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A Dynamic Market for Commercial Finance M&A in 2017

Date: Jun 15, 2017 @ 07:00 AM

It’s a call we receive frequently: “This is So-and-So from XYZ Institution. We have capital to deploy, but we have been struggling to grow assets at good yields, and we’d like to explore acquisitions.” One of our first questions is whether the would-be acquirer is willing to pay a premium (to assets or equity). A “yes” means we have some opportunities to show them; a “no” means they may need to be patient for a while. An abundance of capital and a desire for asset growth and yield has driven steady M&A activity at close to peak multiples for commercial finance companies.

Who Are the Buyers?

In a somewhat unique industry dynamic, various types of acquirers are active in today’s M&A market. This includes banks, business development companies (BDCs), and private equity firms. Even international conglomerates and insurance companies have completed transactions or directly expressed interest in doing so. A favorable economic outlook and an expected period of regulatory easing has enhanced buyer confidence and stirred proactivity.

In an effort to bolster C&I lending and increase interest and fee income, banks have been active buyers over the last 24 months, particularly for equipment finance and SBA 7(a) lending platforms. Banks have been most attracted to asset classes with low delinquencies/charge-offs and platforms with highly institutionalized practices that can adapt to a more regulated environment. Recent examples include PNC’s acquisition of ECN Capital, and Radius Bancorp’s acquisition of NewStar Equipment Finance.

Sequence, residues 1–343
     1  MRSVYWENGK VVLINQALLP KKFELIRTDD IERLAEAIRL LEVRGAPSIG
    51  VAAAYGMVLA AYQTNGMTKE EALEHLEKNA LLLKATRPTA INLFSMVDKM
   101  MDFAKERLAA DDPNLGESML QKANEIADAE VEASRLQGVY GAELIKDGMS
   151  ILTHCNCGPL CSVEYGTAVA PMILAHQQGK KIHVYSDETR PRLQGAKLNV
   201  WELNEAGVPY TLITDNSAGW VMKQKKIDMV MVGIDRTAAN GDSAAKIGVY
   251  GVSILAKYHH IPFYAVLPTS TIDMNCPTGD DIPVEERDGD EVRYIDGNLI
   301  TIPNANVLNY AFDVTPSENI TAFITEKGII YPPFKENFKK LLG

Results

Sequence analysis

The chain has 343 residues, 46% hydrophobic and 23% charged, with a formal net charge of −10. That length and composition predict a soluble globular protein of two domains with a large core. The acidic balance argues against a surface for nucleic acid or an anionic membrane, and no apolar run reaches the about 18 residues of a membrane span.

After a period of less activity, BDCs have recently reemerged as keenly interested in platform acquisitions. This is driven in part by many BDCs returning to trading at a premium to tangible book value. Platforms that deliver a consistently strong return on equity tend to evoke the most interest from BDCs; growth and exit value tend to be less important. Not all commercial finance companies are a good fit for BDCs, which are sensitive to “good income.” Commercial finance companies that generate interest income (vs. operating lease revenue, for example) tend to be a better fit.

Private equity firms continue to pursue acquisitions; however, portfolio companies of private equity investors have largely driven recent M&A interest and activity. From late 2014 to late 2016, private equity firms demonstrated a willingness to aggressively price growth stories. The most recent and well-publicized such transaction was Warburg Pincus’ acquisition of Ascentium Capital. In an effort to meet growth targets and business plans, the portfolio companies of private equity firms have been pursuing bolt-on acquisitions. An example of such a transaction is the acquisition of Connext by Engs Commercial Finance, a portfolio company of Aquiline Capital Partners. Interest from sponsor-backed, strategic buyers is enhanced through readily available debt capital. Senior debt is available at low interest rates and higher leverage/advance rates, and securitization markets are active with efficient execution and significant investor appetite. Further, there is currently considerable investor interest in providing subordinated debt to commercial finance companies.

Though more sporadic in their interest, international conglomerates have pursued U.S.-based specialty finance companies when they’ve felt opportunities in their home countries were limited. Hitachi’s acquisition of Creekridge Capital last year is a good example of such a transaction. In addition, capital market-savvy insurance companies have expressed interest in acquiring or partnering with specialty finance companies in an effort to generate higher-yielding investments.

A vast potential buyer universe is always preferable for sellers, but what is particularly intriguing about the current M&A market is that there are buyers for a variety of asset classes and growth stories. The robust buyer universe has elevated the number of deals as well as valuation.